“Rejoicing in the law”, Simchat Torah is a day of celebrating the Torah. It is also the conclusion of the 21 days including Rosh Hashanah, Yom Kippur, and Sukkot. It is a wedding, a time of unification when everything becomes one and we are filled with new ideas and inspiration for the coming year. We rejoice in the law because it is the great equalizer, and tells us that there is no facet of life that cannot be sanctified. Finally, when the Torah scrolls are taken out of the ark and danced with in a custom called Hakafot, we hug the Torah tight. Through the intimate journey of the holiday season we are introduced to our final lesson of the year: embrace transition
The first step in embracing transition is to understand that the journey is the destination.
There are times when Judaism places anticipation on a higher level than the arrival and realization of a chag or yom tov. For example, regarding Sukkot the Talmud says about the Simchat Beit HaShoeivah (Rejoicing of the Water-Drawing House) ceremony, “He who has not seen the Water-Drawing Celebration has never seen joy in his life”. Even though it was only drawing water to be put on the altar, the joy of preparing for the moment was greater than the joy of fulfilling it. In other words, if Simchat Torah is the destination, then the 21 days is from where we take the most joy.
Every person, every incident is our teacher. Given that Simchat Torah is a day of marriage, it’s important to revisit what we learned from the relationships that brought us to this divine unification.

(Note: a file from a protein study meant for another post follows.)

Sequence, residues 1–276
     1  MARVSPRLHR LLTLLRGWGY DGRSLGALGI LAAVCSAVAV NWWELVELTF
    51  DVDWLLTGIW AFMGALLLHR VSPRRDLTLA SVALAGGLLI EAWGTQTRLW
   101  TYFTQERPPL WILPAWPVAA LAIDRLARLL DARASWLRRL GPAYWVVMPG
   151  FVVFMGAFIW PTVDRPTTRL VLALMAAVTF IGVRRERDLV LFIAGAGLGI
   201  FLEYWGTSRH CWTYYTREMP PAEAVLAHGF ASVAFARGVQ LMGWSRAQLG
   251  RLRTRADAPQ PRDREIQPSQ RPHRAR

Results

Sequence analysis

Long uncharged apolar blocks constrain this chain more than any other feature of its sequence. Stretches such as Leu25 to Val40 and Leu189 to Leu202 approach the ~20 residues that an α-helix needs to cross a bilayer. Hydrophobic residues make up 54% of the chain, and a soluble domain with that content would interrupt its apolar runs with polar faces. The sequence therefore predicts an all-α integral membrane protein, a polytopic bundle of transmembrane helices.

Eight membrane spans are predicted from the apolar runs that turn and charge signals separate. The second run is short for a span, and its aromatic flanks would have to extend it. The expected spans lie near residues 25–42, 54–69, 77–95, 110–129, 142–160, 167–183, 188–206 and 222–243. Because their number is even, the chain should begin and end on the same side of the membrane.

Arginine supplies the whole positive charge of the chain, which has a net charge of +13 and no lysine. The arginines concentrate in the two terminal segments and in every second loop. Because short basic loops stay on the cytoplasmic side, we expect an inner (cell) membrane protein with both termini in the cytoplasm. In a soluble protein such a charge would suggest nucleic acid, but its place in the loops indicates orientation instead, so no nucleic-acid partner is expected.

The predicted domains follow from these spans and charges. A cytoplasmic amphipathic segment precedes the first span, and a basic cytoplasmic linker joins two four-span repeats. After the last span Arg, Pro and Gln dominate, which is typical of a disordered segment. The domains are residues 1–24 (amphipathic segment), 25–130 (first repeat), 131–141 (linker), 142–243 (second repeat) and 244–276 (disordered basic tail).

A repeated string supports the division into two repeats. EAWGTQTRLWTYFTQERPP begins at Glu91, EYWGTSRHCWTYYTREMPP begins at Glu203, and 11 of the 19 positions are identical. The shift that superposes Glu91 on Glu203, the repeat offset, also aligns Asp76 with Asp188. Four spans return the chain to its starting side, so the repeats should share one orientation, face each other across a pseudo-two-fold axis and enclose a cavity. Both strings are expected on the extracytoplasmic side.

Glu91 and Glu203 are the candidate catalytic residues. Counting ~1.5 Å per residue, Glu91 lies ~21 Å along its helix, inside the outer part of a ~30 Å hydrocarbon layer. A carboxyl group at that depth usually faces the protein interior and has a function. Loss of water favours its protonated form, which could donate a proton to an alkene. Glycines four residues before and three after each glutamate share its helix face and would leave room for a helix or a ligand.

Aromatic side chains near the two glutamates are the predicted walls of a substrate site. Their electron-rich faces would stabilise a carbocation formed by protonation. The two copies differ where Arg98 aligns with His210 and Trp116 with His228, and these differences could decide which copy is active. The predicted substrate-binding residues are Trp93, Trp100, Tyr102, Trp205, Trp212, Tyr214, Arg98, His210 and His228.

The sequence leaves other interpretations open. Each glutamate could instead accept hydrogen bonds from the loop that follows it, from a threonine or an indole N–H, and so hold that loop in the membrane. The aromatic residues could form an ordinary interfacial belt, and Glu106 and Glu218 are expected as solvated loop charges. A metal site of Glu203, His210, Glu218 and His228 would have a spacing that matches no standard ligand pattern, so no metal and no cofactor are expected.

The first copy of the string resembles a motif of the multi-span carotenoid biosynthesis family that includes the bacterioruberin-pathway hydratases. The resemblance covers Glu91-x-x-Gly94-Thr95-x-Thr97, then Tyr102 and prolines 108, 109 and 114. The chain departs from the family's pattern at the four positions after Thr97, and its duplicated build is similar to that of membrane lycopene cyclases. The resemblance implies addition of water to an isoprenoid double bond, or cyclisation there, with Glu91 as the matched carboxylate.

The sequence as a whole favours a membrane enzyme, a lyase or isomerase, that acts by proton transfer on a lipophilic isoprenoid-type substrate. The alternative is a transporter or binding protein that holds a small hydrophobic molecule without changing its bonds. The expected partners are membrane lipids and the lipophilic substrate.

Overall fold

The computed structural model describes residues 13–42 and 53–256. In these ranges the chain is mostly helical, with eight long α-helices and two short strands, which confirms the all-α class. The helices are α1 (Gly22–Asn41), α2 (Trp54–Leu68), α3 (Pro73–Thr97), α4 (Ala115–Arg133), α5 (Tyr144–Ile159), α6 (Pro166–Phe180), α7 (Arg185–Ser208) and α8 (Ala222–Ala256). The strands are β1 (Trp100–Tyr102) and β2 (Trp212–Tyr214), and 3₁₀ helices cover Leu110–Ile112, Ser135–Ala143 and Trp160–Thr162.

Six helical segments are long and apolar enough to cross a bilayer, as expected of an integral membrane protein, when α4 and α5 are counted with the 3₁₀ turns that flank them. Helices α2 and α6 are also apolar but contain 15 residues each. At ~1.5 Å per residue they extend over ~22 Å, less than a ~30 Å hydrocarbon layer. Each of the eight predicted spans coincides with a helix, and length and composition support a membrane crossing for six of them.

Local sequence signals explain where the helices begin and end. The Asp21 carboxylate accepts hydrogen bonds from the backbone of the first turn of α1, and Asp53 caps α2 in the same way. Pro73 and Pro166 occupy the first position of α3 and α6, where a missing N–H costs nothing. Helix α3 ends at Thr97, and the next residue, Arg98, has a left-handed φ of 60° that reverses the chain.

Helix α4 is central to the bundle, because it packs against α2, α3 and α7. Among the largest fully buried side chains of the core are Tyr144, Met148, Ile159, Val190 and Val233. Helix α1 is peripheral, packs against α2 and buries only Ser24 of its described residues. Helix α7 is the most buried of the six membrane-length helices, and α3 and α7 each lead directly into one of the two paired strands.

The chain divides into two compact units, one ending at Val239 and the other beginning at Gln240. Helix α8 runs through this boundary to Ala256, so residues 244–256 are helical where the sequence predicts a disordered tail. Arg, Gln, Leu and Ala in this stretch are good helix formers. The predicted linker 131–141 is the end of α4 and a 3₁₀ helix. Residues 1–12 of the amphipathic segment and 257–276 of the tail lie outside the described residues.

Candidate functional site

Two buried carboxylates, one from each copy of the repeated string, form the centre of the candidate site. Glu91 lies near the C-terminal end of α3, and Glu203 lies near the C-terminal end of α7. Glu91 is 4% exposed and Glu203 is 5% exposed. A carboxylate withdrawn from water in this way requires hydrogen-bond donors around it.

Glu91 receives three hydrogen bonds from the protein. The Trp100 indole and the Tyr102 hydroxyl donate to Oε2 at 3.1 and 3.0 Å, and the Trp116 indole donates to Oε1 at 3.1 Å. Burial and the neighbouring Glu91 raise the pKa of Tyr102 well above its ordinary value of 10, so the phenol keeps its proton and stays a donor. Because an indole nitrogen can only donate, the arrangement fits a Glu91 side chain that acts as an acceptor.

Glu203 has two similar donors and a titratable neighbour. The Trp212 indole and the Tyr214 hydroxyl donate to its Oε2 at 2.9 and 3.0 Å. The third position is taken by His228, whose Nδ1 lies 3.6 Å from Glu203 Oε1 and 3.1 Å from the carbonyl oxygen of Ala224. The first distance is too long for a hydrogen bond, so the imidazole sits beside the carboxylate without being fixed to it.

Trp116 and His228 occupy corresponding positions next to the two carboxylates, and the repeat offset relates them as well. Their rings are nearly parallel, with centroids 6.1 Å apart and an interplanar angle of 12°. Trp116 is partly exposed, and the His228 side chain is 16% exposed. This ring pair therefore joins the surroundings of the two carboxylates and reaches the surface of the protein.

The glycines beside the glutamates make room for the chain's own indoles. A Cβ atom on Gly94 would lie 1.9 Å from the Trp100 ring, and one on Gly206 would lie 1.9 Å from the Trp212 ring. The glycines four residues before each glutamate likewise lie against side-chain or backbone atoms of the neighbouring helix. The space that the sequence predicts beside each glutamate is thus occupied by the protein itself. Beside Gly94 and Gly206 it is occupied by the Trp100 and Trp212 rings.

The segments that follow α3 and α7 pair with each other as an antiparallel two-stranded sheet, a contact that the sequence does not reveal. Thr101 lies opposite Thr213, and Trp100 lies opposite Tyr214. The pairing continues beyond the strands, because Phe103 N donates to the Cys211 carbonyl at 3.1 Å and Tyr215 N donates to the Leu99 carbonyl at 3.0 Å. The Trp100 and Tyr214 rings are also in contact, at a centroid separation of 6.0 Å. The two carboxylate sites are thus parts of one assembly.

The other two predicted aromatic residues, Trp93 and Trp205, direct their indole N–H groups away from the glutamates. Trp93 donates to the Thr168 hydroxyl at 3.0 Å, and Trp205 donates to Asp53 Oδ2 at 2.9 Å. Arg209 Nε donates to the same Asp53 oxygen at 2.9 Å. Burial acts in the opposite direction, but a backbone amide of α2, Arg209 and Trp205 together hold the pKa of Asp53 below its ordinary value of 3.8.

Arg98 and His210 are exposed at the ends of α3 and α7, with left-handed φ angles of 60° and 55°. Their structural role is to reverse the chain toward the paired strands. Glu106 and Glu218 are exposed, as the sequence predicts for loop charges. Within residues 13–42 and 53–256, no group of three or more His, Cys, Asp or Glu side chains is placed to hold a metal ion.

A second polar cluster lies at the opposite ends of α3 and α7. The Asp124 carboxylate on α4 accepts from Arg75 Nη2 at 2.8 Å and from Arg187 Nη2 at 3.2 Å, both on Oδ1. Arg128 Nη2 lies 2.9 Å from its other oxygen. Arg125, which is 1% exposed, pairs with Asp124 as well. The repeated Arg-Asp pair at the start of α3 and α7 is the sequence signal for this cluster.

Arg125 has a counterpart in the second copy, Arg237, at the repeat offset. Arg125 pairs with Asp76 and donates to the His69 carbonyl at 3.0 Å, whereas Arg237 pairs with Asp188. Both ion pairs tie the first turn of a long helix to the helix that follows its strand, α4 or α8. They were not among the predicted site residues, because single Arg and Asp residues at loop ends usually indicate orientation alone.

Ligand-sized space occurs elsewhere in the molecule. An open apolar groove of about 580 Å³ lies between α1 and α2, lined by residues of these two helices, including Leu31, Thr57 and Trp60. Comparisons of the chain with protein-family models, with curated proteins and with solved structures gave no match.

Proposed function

“I remember the loving-kindness of your youth, how as a bride you loved me and followed me through the wilderness, through a land not sown” – Jeremiah (2:2)
Rosh Hashanah taught us to remember our beginning and look back on our journey with compassion, judging moments favorably and within the context of our life’s story. It asks us: do you remember the beginning? You were young, yet you showed up authentically in love. This made you bold and unafraid, whether you knew it or not, to follow your heart into the unknown.
There are three aspects to repentance: seeing with the eyes, hearing with the ears and understanding in the heart - (Isaiah 6:10)
Yom Kippur taught us to believe we can change and that atonement requires sacrifice – many times that sacrifice is of the self, our pride and our ego. It asks us: now that you’ve had a chance to reflect, what did you learn? Do you believe you can change? What will it take?
Faith is not certainty: faith is the courage to live with uncertainty… Faith is the ability to rejoice in the midst of instability and change, travelling through the wilderness of time toward an unknown destination. – Rabbi Lord Jonathan Sacks
Sukkot taught us to stop saying sorry and start saying thank you. It taught us to continually go outside our comfort zone, and the gift of holding space and receiving others. It taught us that faith is found in uncertainty and that we need only look up at the sky to remind us of our place in the universe. Sukkot asks us: you’ve faced yourself, opened your heart to others and moved into acceptance, now what? Will you share the gratitude with others? Life is fleeting. Will you remember your purpose and continue to build and rebuild as often as it takes?